Me and my homophobic label!

Something happened and it has left me worried.  I have that niggling feeling inside me that tells me something, somehow, is wrong.  That lets me know that this event will be churning over in my mind for days, possibly even weeks to come.  Whenever I pause my mind returns to it all and the more I think about it the more I realise I really don’t know what to think about it.

I was away this weekend (17th-18th Dec), in Liverpool, for a stag-do.  Although I had the, somewhat depressing, realisations that I now feel too old for night-clubs and that I am now so attached to my wife that I miss her, terribly, even if only separated for one night, I did enjoy seeing some old friends.  These are the kind of friends that I have known for, pretty much, my whole life and that, even when we don’t see or speak to each other for ages, we soon feel right at home in each others company. 

So what happened?  Don’t worry, I know it was a stag-do, but I didn’t do go anywhere “inappropriate” (you know what mean!), do anything nasty to the groom or drink far too much and end up sick in a ditch.  No, don’t worry, nothing like that.  No, this is something very different and has left me much more confused.  I guess I better start from the beginning.

The evening started with a meal in which I sat opposite a friend of mine (I’m going to call him “friend A” to help with the paragraph below!) that I haven’t seen for years.  A person who I consider to be one of my oldest and best friends.  Someone who, if we get together, I can guarantee I will end up laughing, often until my sides hurt.  Within minutes of us being there he made a joke that made it clear he was openly gay. 

Now, to be honest, this didn’t really come as much of a shock.  While I’d never asked him and he hadn’t actually “come out”, I’d long suspected this was the case and I don’t really see what possible difference it could make to our friendship.  No, the “event” in question came later. 

After the meal we went to a couple of clubs and I took the opportunity to ask one of my other friends (let’s call him “friend B”) if he had known, before the weekend, that “friend A” had come out as openly gay (I hope you’re all still following!).  And, this was the real shock, he said that he did, that he had come out during the summer and had text him to let him know.  He had text him to let him know!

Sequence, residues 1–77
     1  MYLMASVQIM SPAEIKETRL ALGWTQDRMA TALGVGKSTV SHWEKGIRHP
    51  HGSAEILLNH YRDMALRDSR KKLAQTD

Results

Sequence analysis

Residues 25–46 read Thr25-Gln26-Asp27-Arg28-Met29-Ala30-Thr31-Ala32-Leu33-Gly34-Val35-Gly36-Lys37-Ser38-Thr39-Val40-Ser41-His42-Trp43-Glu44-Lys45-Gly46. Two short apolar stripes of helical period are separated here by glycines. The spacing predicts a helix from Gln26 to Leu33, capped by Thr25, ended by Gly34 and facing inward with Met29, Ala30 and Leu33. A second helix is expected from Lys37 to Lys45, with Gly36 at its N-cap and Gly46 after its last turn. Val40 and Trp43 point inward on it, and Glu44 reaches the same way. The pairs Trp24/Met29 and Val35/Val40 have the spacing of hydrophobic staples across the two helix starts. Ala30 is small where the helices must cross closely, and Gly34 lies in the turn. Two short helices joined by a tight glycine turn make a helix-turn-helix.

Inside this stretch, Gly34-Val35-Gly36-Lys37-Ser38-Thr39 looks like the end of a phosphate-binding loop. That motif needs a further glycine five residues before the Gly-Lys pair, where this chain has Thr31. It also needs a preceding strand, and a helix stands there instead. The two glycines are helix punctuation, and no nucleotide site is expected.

If “friend A” had texted “friend B” to tell him, why hadn’t he text me?  I mean, we’re part of the say group of friends, we see each other about as regularly and we’re just as close.  A major development had happened in my friend’s life and, for whatever reason, he had informed everyone, but me!  Why?  The only reason I can think of is … I’m a Christian.  My other friends, in that group, aren’t people of faith … I am. 

Maybe I’m being paranoid, simply jumping to conclusions.  Maybe “friend B” and “friend A” are closer than me and “friend A”.  But I don’t think so. No, I think one of my oldest friends was too scared to tell me he was gay, because I follow Jesus. 

Now maybe I can blame the media.  Afterall, one of the major things that the media “knows” is that the church hate gay people, right?  Or maybe I could blame my denomination.  Blame them for spending more time debating homosexual clergy than making it clear we love people?  But, however I look at it, I feel that I have to blame myself.  He’s known me for decades and didn’t know that he’d still be my friend whatever!

Later we were able to chat.  He shared some of his story with me, some of the struggles he’d been through.  I apologised for anything I’d ever done to make that journey harder for him and tried to make it clear that our friendship was unaffected by the development.  But the whole thing has stuck in my head, endlessly repeating on a loop.  He couldn’t tell me.  He couldn’t tell me!!  Just the fact that I’m a Christian was enough to make it so he couldn’t tell me!

I remember, a while ago now, talking to my best friend (“friend B”, as it happens, but that’s not actually relevant right now!) and him being shocked when I described myself as an ‘Evangelical Christian’.  He replied that, in his head, evangelicals were homophobic idiots, how could I be one of them?  This is what most people think we are: ‘anti-gay’, ‘homophobic’.  We are known as people of hate.  In fact we are so well know for this that my friend couldn’t speak to me.  I hope that makes you want to cry.  I hope it breaks your heart.  How can the followers of Jesus have become known for something so alien to what he taught?